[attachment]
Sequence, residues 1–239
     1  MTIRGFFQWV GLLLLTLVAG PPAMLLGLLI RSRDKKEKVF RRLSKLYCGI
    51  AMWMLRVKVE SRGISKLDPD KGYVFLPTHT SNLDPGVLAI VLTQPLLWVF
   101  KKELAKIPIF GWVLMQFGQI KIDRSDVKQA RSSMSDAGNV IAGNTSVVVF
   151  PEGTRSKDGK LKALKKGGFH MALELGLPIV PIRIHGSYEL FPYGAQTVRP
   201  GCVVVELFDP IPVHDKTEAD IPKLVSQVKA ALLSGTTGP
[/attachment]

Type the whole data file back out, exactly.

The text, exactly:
Sequence, residues 1–239
     1  MTIRGFFQWV GLLLLTLVAG PPAMLLGLLI RSRDKKEKVF RRLSKLYCGI
    51  AMWMLRVKVE SRGISKLDPD KGYVFLPTHT SNLDPGVLAI VLTQPLLWVF
   101  KKELAKIPIF GWVLMQFGQI KIDRSDVKQA RSSMSDAGNV IAGNTSVVVF
   151  PEGTRSKDGK LKALKKGGFH MALELGLPIV PIRIHGSYEL FPYGAQTVRP
   201  GCVVVELFDP IPVHDKTEAD IPKLVSQVKA ALLSGTTGP